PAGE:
Big oil companies have gained $35 billion in value since the US quit the Iran deal

Precious cargo.
Precious cargo.
Image: Reuters/Jason Redmond
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It’s too early to tell how the US exit from the Iran deal will affect the global economy. But in the short time since the White House announced it was quitting the pact on May 8, things have been good in markets for large American energy companies.

Shares in Exxon Mobil, the largest US-based energy company, are up 4% since the close on Monday (May 7), the day before Donald Trump made the Iran announcement. That added more than $13 billion to Exxon’s market capitalization. Other big oil companies based in the US, like Chevron and ConocoPhillips, also made big gains over the same period.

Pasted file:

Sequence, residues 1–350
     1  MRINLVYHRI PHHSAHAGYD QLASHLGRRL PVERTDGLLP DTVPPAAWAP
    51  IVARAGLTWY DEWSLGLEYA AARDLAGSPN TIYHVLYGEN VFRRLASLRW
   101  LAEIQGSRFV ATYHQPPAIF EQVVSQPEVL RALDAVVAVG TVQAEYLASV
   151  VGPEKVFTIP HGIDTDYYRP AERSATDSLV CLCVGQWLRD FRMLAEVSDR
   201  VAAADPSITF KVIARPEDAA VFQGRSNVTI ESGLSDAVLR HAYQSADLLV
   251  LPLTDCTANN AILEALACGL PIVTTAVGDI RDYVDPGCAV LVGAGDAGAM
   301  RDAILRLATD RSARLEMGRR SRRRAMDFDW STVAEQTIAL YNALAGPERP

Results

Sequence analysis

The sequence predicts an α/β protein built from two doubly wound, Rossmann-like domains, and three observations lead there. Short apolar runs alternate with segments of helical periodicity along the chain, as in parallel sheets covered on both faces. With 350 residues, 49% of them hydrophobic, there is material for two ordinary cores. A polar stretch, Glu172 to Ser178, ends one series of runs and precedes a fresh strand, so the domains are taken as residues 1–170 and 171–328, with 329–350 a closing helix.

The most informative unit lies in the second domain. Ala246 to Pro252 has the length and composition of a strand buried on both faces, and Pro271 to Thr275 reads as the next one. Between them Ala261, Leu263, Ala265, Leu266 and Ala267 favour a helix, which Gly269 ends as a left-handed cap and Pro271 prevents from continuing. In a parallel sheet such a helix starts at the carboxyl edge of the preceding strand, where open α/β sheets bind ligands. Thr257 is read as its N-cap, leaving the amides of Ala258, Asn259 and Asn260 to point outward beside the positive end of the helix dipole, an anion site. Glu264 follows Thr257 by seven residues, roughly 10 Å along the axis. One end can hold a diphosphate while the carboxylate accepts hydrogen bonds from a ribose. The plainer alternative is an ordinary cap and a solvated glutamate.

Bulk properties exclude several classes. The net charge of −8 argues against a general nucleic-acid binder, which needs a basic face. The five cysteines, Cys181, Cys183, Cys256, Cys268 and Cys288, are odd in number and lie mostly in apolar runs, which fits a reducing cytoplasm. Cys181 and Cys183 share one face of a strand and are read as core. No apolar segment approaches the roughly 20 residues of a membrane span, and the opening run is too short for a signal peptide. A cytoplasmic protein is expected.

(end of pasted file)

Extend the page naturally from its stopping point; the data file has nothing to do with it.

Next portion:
At the time of writing, the five largest American energy companies have gained $35 billion in market value over the past few days.

The S&P energy index, which tracks the entire listed US energy sector, is up 3% since Monday, and nearly 10% over the past month.

Energy stocks are rising on the backs of surging oil prices, which reached a three-and-half year high, at $77 per barrel, this week. Some analysts think $100 per barrel may be on the way (paywall).

When Iran agreed to limit its nuclear capabilities in 2015, major countries like the US, UK, and China lifted sanctions on the country’s oil exports. But with renewed US sanctions soon to be reimposed, analysts are worried about a cut in supply. A report from Barclays estimates that the supply of Iranian oil could fall by as much as 170,000 barrels a day in 2019. Iran was the fifth largest exporter of oil last year.

If oil prices keep rising, energy companies will continue to celebrate, although it could hurt the American economy via higher inflation.